Human Manipulation of the Natural World and the Ways in Which it Induced a Global Pandemic

     The current global pandemic STILL has many of us questioning how this came into play. While rumors have spread quickly regarding a single bat in Wuhan, China being to blame, this was not the root cause. Ultimately, what caused a virus of this nature to spread rapidly across the globe is the human manipulation of the natural world. Three human induced causes of the COVID-19 pandemic have been, 1. the alteration of human and animal interactions, 2. effects from underserved communities, and 3. wildlife trafficking.  

 

1. When understanding the interactions between animals and humans, we think that they must be dealt with as separate entities, however, this is not the case. We need to focus on animal and human health as interconnected, not individually. Whether it be for new homes, highways, or factories, humans continually encroach on the habitats of wild animals for their own benefit. In doing so, we create animal-human interfaces, where we were once separated from one another, but now are not because of human destruction. This destruction comes in many forms such as deforestation, habitat destruction, and pollution of the environment. This allows for spillover of zoonotic viruses, such as COVID-19, from animals to humans and this is where we begin to see disease ravage communities. We must focus on One Health (health of people is connected to the health of animals and the environment) because animals, humans, and the environment, are all closely linked.

 

2. Another human induced cause of the pandemic is effects from underdeveloped  communities. This isn’t to say that underserved communities are the cause of the pandemic. Rather, it is the inability of humans to recognize these communities and give them the proper aid to minimize their negative effects on the control of disease. In these communities, locals are living in extreme poverty and do not have the resources to survive. These people are tempted to hunt and poach in order to make a small profit to support their families. The effects from this hunting and poaching go far beyond the borders of these communities. It may be that the animals are being traded to other countries, or being sold as exotic goods and food. There is a great risk posed to the communities and populations that these hunted animals are coming into contact with, and it makes it easier for a virus to spread from animal to human.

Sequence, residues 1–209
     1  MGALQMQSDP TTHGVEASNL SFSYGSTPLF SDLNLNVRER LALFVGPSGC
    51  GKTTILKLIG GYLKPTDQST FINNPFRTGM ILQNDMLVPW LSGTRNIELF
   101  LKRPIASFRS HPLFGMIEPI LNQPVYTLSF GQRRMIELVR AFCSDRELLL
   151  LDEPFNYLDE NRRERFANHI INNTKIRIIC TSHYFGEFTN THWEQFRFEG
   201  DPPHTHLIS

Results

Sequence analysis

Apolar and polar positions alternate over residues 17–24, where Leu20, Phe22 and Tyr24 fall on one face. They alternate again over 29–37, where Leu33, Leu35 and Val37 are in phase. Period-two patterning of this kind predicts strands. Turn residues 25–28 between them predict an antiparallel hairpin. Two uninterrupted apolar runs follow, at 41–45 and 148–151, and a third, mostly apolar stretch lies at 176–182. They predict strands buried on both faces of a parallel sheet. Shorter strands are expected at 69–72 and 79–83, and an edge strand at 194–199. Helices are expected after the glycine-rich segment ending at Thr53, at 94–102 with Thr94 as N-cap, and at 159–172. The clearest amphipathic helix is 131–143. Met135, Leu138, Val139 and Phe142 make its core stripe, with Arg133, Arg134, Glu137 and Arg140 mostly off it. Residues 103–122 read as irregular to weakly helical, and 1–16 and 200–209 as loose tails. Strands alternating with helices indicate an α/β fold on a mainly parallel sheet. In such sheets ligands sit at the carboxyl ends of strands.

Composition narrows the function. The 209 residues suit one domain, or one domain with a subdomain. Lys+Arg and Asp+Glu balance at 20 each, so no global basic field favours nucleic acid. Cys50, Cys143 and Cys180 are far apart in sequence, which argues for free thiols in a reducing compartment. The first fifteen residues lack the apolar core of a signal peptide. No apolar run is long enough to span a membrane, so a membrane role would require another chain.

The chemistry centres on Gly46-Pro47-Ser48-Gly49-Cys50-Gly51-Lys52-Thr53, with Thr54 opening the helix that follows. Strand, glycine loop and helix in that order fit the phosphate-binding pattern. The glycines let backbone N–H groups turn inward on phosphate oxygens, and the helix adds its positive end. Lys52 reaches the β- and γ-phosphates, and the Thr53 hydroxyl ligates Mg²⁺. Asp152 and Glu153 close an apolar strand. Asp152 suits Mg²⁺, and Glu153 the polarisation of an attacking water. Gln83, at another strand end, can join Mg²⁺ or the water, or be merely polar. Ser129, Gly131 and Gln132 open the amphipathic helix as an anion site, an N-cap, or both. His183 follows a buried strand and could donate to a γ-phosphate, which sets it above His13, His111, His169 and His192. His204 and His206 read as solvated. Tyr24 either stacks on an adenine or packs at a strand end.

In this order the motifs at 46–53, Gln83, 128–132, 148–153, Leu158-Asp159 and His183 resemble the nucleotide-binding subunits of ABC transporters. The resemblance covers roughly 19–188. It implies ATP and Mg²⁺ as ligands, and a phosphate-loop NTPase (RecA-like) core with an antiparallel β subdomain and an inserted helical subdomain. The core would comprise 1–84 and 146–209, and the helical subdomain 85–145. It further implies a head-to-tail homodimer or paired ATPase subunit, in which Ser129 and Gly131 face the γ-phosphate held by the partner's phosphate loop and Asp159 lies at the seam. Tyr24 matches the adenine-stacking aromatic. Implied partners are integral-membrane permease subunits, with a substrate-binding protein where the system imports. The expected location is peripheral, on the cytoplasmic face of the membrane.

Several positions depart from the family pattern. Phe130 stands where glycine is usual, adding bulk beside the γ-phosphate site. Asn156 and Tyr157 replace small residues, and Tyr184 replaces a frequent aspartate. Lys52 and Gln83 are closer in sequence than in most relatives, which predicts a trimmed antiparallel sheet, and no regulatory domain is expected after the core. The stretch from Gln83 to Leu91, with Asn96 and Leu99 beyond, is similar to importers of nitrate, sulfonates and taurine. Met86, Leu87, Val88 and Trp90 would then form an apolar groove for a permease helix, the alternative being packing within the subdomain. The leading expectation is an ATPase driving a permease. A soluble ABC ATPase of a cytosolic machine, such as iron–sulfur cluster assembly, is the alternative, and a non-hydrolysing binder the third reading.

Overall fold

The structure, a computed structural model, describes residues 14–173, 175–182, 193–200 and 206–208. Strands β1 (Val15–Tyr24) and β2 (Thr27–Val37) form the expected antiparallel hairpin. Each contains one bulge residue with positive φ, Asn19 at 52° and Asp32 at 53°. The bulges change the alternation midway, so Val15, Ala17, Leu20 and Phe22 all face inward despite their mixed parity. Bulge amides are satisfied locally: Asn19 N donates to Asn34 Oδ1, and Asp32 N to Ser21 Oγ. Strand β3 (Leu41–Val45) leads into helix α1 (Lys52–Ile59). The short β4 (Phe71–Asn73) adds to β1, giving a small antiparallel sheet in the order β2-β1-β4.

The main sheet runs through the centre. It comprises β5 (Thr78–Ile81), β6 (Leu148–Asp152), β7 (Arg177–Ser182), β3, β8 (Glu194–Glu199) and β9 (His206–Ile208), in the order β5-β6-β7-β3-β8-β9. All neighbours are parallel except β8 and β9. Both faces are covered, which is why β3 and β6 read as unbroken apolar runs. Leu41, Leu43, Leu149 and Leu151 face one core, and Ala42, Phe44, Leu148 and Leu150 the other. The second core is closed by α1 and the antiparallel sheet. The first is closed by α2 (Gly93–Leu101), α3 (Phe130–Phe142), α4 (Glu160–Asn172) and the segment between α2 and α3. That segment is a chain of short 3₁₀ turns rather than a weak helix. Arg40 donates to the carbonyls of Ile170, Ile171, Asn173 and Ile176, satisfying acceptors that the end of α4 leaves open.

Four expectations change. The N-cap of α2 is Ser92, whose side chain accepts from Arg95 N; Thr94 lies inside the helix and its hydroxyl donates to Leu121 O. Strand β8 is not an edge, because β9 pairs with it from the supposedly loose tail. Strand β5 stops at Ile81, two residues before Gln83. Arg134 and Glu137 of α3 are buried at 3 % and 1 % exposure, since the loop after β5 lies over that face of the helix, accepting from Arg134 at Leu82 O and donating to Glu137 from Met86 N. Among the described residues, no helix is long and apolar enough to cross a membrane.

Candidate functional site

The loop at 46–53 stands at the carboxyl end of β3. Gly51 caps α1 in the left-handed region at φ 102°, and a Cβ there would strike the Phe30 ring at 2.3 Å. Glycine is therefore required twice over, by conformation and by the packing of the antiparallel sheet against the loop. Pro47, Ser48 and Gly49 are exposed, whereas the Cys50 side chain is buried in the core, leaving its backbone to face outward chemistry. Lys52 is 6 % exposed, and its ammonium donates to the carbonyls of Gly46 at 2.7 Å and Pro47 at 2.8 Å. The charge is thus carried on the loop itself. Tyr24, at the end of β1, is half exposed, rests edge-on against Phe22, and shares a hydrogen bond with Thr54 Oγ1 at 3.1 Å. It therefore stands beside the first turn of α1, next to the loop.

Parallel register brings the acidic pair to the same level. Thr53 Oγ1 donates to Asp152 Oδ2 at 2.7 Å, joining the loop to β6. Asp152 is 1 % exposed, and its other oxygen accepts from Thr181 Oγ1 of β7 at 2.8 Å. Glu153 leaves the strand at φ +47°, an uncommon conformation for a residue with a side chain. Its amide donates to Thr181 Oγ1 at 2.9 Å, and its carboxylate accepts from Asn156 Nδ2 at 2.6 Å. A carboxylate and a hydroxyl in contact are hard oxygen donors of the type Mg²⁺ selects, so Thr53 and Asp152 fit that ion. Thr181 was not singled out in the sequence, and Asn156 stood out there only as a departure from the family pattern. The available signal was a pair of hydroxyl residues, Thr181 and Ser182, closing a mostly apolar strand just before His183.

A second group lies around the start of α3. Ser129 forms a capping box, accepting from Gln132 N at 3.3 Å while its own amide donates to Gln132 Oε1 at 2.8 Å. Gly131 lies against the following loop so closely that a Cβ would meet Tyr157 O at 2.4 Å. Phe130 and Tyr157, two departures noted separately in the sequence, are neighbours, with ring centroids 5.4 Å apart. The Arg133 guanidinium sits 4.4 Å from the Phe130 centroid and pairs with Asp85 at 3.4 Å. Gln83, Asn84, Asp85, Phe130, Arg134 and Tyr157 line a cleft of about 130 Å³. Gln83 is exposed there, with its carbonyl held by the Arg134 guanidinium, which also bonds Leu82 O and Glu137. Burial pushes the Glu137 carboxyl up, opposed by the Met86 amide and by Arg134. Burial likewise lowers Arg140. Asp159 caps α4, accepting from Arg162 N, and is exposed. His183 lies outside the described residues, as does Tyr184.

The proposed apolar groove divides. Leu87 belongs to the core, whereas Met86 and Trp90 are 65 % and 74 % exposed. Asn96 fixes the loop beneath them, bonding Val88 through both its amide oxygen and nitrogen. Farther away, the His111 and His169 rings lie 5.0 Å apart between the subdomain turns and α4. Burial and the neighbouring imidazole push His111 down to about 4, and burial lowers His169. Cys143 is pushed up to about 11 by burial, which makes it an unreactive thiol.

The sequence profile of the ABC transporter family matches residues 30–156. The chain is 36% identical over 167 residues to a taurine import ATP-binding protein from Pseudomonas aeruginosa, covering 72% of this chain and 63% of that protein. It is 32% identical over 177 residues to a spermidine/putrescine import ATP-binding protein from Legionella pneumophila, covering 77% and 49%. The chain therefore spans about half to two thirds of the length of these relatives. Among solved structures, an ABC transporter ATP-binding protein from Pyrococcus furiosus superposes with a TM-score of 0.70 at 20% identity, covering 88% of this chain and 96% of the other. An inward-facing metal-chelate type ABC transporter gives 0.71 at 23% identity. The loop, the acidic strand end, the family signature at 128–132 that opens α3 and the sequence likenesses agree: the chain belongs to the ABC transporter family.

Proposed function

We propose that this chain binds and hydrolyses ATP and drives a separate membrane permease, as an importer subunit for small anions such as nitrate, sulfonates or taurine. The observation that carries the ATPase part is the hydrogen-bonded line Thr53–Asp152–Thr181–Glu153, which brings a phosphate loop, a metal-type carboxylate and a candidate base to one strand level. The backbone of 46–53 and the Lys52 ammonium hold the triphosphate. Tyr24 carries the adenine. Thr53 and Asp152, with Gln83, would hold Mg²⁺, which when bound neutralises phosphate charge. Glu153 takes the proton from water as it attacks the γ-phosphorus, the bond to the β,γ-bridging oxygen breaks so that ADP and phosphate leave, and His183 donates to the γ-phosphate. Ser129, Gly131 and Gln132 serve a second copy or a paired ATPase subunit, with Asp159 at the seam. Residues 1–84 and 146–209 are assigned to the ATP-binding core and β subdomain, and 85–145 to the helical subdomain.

3. As a result of these underdeveloped communities that do not have access to proper resources to survive, there is an increase in live animal trade. Poaching and wildlife trafficking go hand in hand. The scale at which the United States imports live animals is approximately 200 million animals annually. These numbers do not include illegal shipments, which are also prevalent. These shipments allow for unknown pathogens to enter countries due to lack of disease surveillance on these animals. At the rate at which this global trade occurs, there is bound to be the spread of disease from one country to another via animals.

 

     Humans are fully responsible for this pandemic and the continued spread of the coronavirus. Animals, although being vectors for these zoonotic viruses, are not at fault. It is the continued human alteration of how the world naturally functions that allowed for the coronavirus to spread as rapidly as it did. In order to prevent future outbreaks, the human race needs to reevaluate and understand that we are not the only living creatures on this planet.